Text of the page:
Michel Foucault

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Michel Foucault

Michel Foucault, generally in his philosophy, has created a system wherein he

examines the relations of power as they are transmuted down in a society (not one

that it is held by individuals-and, indeed, it is not so perpetuated), wherein the

refinement of discourse over time allows for the normalization of behaviors and then that

individuals are encouraged, as docile bodies, to adhere to this program of normalization.

Foucault locates the origins of this process in asylums and prisons, and considers them an

Enlightenment technological development, which he calls "technologies of the self":

But I became more and more aware that in all societies there is another type of technique:

techniques which permit individuals to affect, by their own means, a certain number of

operations on their own bodies, their own souls, their own thoughts, their own conduct,

and this in a manner so as to transform themselves, modify themselves, and to attain a

certain state of perfection, happiness, purity, supernatural power. Let us call these kinds

of technologies technologies of the self. (Foucault "Sexuality and Solitude 367)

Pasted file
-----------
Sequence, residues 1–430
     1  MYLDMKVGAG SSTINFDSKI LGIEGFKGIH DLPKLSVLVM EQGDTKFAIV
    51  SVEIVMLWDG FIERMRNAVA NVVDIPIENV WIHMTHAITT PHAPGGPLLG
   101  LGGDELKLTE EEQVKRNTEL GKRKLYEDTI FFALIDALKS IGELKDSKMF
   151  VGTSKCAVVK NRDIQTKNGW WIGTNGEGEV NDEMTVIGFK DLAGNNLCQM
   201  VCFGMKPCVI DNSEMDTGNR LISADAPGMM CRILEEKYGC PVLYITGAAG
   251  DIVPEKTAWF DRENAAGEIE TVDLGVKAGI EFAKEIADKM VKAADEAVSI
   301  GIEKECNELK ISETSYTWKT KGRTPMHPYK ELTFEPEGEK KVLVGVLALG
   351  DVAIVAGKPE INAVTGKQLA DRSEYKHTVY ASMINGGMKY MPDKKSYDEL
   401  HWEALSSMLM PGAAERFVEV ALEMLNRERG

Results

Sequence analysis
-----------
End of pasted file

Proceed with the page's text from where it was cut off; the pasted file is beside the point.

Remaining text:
Foucault locates these technologies of the self at the center of the process of

normalization that has shifted the process of punishment from an outward display of

power as in medieval executions to an internal process in which the prisoner becomes

complicit in his own punishment. By employing these technologies of the self an

increasingly analytical and ever more refined manner power is able to normalize almost

all of life and make the distinction between punishment and education trivial.

In attempting to diagnose the evolutionary trend of the manner in which

punishment has been historically meted out throughout the ages, Foucault suggests that

there has been a gradual evolution from tactics of raw displays of power to more subtle...